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Paul Turner: ‘Get off my lawn!’ no longer a good slogan for Spokane

Paul Turner once proposed that Spokane make “Get off my lawn!” the city’s official motto. (PRN)
Paul Turner once proposed that Spokane make “Get off my lawn!” the city’s official motto. (PRN)

Maybe it’s time for Spokane confessions.

We could have a show of hands.

How many of us have never yelled “Get off my lawn!” – not once – even though this city is supposed to be a mecca of dyspeptic grouches predisposed to shout that at children?

I’m guessing it would be the vast majority of local homeowners.

OK, before we go any further, let me clear something up. Yes, I did propose a few years ago that we make “Get off my lawn!” Spokane’s official motto. Just imagine that in Latin.

But the thing is, I meant it in a tongue-in-cheek way. I’m not actually in favor of ludicrously misplaced anger.

Besides, what I had in mind was a scenario where you would step out on the front porch and yell it to a neighbor kid who, knowing you were kidding, would then burst into laughter – which you would immediately join.

In addition, I still believe road signs saying “Welcome to Spokane – Get off my lawn!” would be a huge hit. Nothing like poking fun at your own off-the-mark reputation to open people’s eyes to the exciting, dynamic truth.

But I’ve had a change of heart. I’m now thinking a simple acknowledgment that most of us never have and never will yell “Get off my lawn!” is the way to go.

Perhaps we could sign a public pledge. Or something.

Why is this important? I’ll tell you. It’s because Spokane is a lot more interesting than it’s often given credit for.

Oh sure, lots of people realize this. But not enough.

If we ever were a “Get off my lawn!” town, we aren’t now. Well, at least we’re moving away from that.

Sure, there are some holdouts. But I suspect that particular geezer subset is simply frustrated because the kids in their neighborhoods seldom go outside except to get directly into the SUV and be conveyed to this or that planned activity.

Must be a lonely vigil, waiting to say “Get off my lawn!” and not having the opportunity.

Oh, well. There are always dog walkers.

Just wondering

Do you ever have the feeling that sometimes Spokane gets blamed for things that really aren’t Spokane’s fault?

Take certain acts of idiocy, for instance. You occasionally hear people chalk up vandalism or small-mindedness as being somehow sweepingly indicative of where Spokane’s head is at. But that doesn’t really seem fair. I mean, aren’t there idiots everywhere?

(The correct answer is “Yes, there are.”)

Of course, there’s also the other side of the coin. I’m sure I am not alone in suspecting that Spokane sometimes gets credit for being uniquely bighearted or at least somehow special when, in fact, there are good people all over.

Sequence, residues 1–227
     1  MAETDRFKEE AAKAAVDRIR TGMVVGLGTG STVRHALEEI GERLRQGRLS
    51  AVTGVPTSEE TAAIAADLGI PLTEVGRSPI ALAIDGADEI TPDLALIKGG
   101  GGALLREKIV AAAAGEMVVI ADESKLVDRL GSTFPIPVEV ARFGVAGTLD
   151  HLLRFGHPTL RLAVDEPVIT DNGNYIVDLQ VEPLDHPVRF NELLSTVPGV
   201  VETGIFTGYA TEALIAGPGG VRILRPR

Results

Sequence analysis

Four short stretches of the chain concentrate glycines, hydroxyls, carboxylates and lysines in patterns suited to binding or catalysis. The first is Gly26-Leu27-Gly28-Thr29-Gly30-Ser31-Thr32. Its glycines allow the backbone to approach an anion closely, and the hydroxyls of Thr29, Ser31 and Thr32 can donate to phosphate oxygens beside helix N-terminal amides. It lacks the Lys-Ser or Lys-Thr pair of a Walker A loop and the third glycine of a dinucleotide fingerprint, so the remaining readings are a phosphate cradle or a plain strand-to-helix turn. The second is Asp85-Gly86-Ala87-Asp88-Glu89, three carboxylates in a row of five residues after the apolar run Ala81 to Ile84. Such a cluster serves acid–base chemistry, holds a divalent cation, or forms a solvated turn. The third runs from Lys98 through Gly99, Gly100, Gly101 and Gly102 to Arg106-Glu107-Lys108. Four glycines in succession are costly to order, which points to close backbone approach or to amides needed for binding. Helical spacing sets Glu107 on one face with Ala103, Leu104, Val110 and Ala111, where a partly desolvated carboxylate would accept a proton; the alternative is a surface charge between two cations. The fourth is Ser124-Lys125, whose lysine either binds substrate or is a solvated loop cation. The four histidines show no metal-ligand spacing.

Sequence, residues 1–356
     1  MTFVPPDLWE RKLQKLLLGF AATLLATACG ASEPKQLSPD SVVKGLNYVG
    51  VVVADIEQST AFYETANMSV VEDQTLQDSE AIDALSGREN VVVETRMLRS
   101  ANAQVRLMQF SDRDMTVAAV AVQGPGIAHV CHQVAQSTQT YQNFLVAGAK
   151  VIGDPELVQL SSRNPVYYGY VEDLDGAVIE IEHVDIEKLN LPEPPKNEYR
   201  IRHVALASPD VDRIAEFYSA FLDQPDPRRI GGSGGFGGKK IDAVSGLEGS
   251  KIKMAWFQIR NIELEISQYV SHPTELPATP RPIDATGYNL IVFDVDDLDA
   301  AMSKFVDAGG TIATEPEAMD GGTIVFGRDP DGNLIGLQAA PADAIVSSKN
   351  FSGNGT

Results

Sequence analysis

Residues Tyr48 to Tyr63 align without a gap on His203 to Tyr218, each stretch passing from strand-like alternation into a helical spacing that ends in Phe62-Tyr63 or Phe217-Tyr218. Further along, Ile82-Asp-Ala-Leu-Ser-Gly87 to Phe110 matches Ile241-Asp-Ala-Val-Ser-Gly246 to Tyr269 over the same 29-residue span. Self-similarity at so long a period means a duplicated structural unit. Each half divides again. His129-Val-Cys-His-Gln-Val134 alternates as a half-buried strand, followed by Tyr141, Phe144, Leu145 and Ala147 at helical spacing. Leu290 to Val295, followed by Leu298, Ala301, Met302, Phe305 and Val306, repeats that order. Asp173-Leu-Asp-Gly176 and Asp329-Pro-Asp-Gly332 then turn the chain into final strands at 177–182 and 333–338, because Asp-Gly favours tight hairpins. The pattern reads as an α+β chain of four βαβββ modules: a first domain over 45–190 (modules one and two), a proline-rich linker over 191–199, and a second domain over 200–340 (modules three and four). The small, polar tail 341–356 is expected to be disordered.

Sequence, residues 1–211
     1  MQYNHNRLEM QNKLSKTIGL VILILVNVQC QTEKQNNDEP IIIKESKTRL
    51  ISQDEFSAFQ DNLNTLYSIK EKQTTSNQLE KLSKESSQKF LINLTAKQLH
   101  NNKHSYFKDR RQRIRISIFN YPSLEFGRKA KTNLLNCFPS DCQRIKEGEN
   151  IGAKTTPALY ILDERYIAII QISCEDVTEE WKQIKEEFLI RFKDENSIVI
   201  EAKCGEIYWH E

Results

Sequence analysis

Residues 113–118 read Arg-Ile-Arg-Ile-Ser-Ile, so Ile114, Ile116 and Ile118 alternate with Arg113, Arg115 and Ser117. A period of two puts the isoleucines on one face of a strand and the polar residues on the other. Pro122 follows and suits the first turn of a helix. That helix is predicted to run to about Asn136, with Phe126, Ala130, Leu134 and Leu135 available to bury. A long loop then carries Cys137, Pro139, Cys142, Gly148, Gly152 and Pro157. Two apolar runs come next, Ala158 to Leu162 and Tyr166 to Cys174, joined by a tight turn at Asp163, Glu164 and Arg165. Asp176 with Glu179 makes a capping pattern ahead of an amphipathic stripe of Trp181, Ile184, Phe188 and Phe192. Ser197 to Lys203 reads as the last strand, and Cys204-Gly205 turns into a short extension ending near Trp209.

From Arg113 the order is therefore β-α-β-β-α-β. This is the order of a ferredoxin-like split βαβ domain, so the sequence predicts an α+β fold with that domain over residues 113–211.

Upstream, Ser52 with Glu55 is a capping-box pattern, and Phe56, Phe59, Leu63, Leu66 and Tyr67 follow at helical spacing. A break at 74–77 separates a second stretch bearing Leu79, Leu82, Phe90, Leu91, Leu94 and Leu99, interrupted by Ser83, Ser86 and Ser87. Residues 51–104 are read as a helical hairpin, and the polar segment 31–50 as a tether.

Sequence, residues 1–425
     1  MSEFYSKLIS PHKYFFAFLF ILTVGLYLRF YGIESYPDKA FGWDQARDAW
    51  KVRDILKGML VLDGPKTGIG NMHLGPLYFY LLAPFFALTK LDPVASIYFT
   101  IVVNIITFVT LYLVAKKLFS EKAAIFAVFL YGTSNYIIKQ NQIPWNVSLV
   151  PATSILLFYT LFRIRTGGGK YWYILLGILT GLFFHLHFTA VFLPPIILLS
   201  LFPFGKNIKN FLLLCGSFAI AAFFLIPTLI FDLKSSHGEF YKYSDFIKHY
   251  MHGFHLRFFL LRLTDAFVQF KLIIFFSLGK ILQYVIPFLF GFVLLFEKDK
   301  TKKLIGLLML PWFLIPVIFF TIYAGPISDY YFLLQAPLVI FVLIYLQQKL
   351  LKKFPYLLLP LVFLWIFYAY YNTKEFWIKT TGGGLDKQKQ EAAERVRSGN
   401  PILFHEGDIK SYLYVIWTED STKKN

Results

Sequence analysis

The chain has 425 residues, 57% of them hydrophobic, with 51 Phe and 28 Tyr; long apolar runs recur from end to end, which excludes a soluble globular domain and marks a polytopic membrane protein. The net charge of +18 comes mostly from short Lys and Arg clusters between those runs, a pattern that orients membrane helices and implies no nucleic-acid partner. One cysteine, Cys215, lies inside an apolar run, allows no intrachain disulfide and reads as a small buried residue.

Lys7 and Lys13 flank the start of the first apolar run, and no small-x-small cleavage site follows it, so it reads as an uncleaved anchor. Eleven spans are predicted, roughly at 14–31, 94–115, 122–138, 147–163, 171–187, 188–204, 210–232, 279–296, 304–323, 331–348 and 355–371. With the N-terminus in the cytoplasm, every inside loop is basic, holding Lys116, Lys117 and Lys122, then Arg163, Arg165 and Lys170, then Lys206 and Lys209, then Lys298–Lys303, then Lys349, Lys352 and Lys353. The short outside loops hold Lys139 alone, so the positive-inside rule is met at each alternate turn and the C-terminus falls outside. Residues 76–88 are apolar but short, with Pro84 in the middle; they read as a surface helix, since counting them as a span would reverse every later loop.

Many years ago, the S-R ran a small story about a kid’s bike being stolen – or something like that. There must have been something special about the incident. As I recall, several readers then stepped up to replace the bike. In a follow-up story reporting on that, a headline or photo caption proudly referred to this laudable impulse as a “Typical Spokane reaction.”

A few days later, a letter to the editor appeared that said, basically, “Really?”

The letter listed several specific ways in which the Lilac City arguably could be found wanting in terms of kindness or overall commitment to the nurturing of children.

That letter, while perhaps slightly churlish, nailed one aspect of our civic mindset. That is, the widespread need to think of our community as special.

If I didn’t know better, I’d wonder if that impulse might spring from a sense of insecurity.

You know, like those Archie Bunkers who cling to a chest-thumping embrace of American exceptionalism.

Look, all I’m saying is attributing everything that happens here to some innate quality of our collective character probably isn’t a swell idea.

There are some wonderful people in Spokane. There are some not-so-wonderful people, too. And most of us in between.

Everyone knows that. Right? Yet some of us seem to insist that it’s all one or the other.

At least that’s what it sounds like sometimes.

You can be proud of Spokane and celebrate our countless acts of decency and caring without being in denial about reality.

Maybe some of us simply can’t get our heads around the idea that Spokane is not a one-size-fits-all city.

I suppose life is simpler if you have one answer for everything. Still, Spokane is what we make it. And every new day reminds us we are, all together, a work in progress.

End note

After reading Sunday’s column, Colbert’s Heidi Penfield fired off an email.

“Had to laugh at one of your readers assuming your new email address was ‘Sir’ Paul Turner, and thought I’d throw in my two cents.

“The first time I saw it, I thought it was strange that you now wanted to be known as ‘Senior’ Paul Turner … a few seconds later the light bulb went on when I realized it was your Review address. At least the other reader’s interpretation was honorable.”

Thanks, Heidi. “Senior” would be OK, I guess. But there isn’t a PT Junior and I’ve never had an official newspaper honorific denoting my venerable status as someone who won’t go away. You know, “senior correspondent” or some such.

In any case, I prefer to be addressed as Old Man Turner.

Columnist Paul Turner can be reached at